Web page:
Jurors in the disability fraud trial of two former Long Island Rail Road workers finished their second day of deliberations in federal court in Manhattan without a verdict Wednesday after asking to review the testimony of one of the defendants and his wife.
In addition to asking for the testimony of former crew foreman Fred Catalano, 52, of Nesconset, and his wife, Alison, who backed his claim that he had back pain, jurors also asked a technical question about the crime of health care fraud that indicated they might be skeptical about one charge.
Catalano and former conductor Michael Costanza, 60, of Merrick, are accused of conspiring with doctors, consultants and hundreds of retirees to submit phony claims to the federal Railroad Retirement Board.
Thirty-one of 33 defendants have pleaded guilty or been convicted. In the only other trial a jury in August reached guilty verdicts on the third day of deliberations against a doctor and two consultants.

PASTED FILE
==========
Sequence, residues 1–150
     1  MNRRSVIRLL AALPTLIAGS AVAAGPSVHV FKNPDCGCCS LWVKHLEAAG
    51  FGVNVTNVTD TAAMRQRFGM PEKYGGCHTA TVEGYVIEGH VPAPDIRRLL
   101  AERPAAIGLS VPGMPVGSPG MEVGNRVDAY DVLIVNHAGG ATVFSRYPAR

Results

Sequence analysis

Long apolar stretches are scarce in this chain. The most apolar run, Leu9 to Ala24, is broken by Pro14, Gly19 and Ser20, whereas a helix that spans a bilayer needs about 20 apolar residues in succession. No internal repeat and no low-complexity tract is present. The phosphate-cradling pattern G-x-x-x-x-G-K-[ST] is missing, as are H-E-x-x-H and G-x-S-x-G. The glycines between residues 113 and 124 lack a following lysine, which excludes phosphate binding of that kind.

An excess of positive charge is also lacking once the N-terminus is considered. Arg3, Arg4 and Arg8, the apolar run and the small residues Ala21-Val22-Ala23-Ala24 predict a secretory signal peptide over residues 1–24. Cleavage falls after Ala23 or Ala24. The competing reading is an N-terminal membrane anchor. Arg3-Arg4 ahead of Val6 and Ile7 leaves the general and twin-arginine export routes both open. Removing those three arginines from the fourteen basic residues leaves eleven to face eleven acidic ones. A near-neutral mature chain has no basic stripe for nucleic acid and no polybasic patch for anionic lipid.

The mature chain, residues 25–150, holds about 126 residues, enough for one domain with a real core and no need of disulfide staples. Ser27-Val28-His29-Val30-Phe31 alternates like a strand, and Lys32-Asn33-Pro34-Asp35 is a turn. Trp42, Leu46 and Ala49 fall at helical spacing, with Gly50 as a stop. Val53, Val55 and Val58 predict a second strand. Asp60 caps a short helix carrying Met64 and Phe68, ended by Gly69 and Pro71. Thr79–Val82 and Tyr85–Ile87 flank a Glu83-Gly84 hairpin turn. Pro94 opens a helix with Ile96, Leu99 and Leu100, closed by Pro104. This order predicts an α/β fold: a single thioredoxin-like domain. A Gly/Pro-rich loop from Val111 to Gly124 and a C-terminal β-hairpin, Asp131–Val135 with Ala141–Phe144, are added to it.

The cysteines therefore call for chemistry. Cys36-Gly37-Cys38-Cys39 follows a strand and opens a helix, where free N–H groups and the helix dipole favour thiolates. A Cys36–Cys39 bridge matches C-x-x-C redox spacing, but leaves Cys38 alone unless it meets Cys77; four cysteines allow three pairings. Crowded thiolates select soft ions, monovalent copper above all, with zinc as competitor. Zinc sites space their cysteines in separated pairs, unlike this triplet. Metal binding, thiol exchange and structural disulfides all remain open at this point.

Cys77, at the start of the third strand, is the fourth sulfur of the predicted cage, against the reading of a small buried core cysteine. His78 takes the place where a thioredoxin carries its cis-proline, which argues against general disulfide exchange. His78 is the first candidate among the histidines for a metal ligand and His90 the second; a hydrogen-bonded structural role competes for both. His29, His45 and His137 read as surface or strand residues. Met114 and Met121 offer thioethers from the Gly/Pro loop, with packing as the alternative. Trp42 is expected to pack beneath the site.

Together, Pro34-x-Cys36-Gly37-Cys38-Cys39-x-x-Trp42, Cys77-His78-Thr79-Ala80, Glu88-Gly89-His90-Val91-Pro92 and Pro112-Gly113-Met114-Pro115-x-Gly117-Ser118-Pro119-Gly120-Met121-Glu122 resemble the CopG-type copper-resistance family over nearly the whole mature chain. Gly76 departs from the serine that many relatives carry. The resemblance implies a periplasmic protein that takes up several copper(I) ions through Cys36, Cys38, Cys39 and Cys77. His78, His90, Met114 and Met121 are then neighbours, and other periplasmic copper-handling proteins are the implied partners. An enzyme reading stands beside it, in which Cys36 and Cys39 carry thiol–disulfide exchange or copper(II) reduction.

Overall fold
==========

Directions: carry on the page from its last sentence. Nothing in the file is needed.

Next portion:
Catalano, in the testimony requested by jurors, denied that he had lied about suffering from disabling pain. He admitted pursuing a jiujitsu black belt after retiring but insisted the sport didn't overstress the parts of his body that prevented him from working.
Alison Catalano said her husband had a shower seat installed and was limited around the house because of his back. She also said the couple saw Marie Baran — a consultant convicted in the conspiracy — for retirement counseling, not to make up a phony application.
Catalano and Costanza each are charged with two conspiracy counts, health care fraud and wire fraud. Catalano is also charged with mail fraud.
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